Figure 3: Training image part of a larger training set (left). Identified uniform corrosion using semanitic segmentation (right).

With advances in drone technology and lidar scanning one can envisage autonomous inspection of assets particularly for confined space and hazardous areas which provide accurate area, volume and displacement changes associated with environmental and mechanical degradation. The results can used to make decisions but also after validation be included as training for the next iteration of the model such that continuous improvements are made.


The prevention of corrosion can benefit from the available data to understand, mitigate, and evaluate its progress. The collection, analysis, modelling and prediction capabilities available for these large data sets allows us to learn more about corrosion management, highlight short comings at the point of design and understand the implications of decisions on the overall life of an asset.

These are exciting times whereby the expertise of current and past practitioners and assets can be used to educate the workforce and manage materials systems in the complexed world of corrosion more efficiently. The fear of technology is an age-old concern but as with previous advances, AI will used as a tool to educate, facilitate decision making, improve efficiency and augment current capabilities.


  1. Potter EG, The corrosion scene in Australia, Australasian Corrosion Engineering, March, (1972) 21-29.
  2. Green W, Hinton B, P F Thompson – Australia’s pioneer in corrosion research and education (2015) p. (available at
  3. Thompson PF, The case against standardisation of chemical analysis, Chem Eng. Mining Rev. (1932) 31-32.
  4. Shilling M, Junk Science in Corrosion Control: Gimmicks Gadgets and Gizmos, ACA conference proceedings 2005 (sourced on 16/10/23 from
  5. Flitt H J, Schweinsberg D P, Evaluation of corrosion rate from polarisation curves not exhibiting a Tafel region, Corrosion Science 47 (2005) 3034–3052.
  6. Atkins C, Lamber P, Sustainability and corrosion, (2022) 175(1), pp. 22–29, Proceedings of the Institution of Civil Engineers – Engineering Sustainability.
  7. Nash, W., Zheng, L. & Birbilis, N. Deep learning corrosion detection with confidence, (2022) Mater Degrad 6, 26.
  8., accessed 16/10/23.
  9., accessed 16/10/23.
  10. Shun-Peng Z, Lanyi W, Changqi L, José C, Abílio D J, Filippo B, and Qingyuan W, Physics-informed machine learning and its structural integrity applications: state of the art (2023) Phil. Trans. R. Soc. A. 381:2022040620220406

Author Details

Assoc. Prof. Geoffrey Will has been a member of the ACA for over 22 years. Previously working at Queensland University of Technology for 23 years he has recently taken a position at the University of The Sunshine Coast. He has co-authored 177 papers in materials, electrochemistry, and molten salt corrosion. He serves on ASTM standards committee and consults to industry. His group developed techniques to monitor coating breakdown and models to predict corrosion behaviour. In the last 10 years his efforts supported high temperature solar thermal implementation.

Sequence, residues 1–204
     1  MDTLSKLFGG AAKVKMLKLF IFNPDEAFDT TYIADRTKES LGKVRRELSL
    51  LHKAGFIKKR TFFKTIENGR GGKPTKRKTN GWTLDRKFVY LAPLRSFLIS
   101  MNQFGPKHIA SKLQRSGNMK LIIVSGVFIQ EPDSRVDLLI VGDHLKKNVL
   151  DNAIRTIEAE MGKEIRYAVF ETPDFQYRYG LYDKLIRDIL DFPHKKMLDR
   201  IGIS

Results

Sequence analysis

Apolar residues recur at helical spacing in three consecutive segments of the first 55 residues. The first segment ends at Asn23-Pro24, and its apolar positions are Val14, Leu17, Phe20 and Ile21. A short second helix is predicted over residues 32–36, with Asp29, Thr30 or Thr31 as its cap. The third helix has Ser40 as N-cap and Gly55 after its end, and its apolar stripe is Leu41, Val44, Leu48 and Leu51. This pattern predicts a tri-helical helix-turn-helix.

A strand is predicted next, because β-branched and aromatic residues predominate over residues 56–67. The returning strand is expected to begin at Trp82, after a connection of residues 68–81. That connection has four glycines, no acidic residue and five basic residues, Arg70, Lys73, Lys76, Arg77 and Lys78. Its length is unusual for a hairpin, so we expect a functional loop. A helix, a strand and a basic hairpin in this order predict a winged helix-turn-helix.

Dr Simon Denman is a Senior Lecturer in the School of Electrical Engineering and Robotics at Queensland University of Technology (QUT). Simon actively researches in the fields of computer vision and machine learning, including action and event recognition, trajectory prediction, video analytics, biometrics, and medical signal processing. Simon has published over 140 papers in the areas of computer vision and machine learning, and co-leads the Applied Data Science research programme within the QUT Centre for Data Science.
Mr. Joseph Davies specialises in corrosion management and analysis. Take a holistic approach to corrosion prevention that incorporates testing and monitoring of structural components so that important assets can be managed more optimally. My doctoral research pursues a better understanding of the degradation of organic coatings for corrosion prevention using inspection records, enhanced laboratory testing and in field condition monitoring.
Dr Mohammad Mahfujur Rahman is a Research Fellow in Signal Processing, Artificial Intelligence and Vision Technologies (SAIVT) in the School of Electrical Engineering and Robotics at QUT. He received his PhD degree in computer vision and deep learning from QUT. Dr Mahfujur research is in the fields of computer vision and machine learning, transfer learning, domain adaptation, domain generalisation, object detection, classification and image segmentation. He aims to utilise AI to enable visual learning.



The The Australasian Corrosion Association Inc. website is not compatible with Internet Explorer. Please use a modern browser such as Chrome, Firefox, Edge, or Safari for the best experience.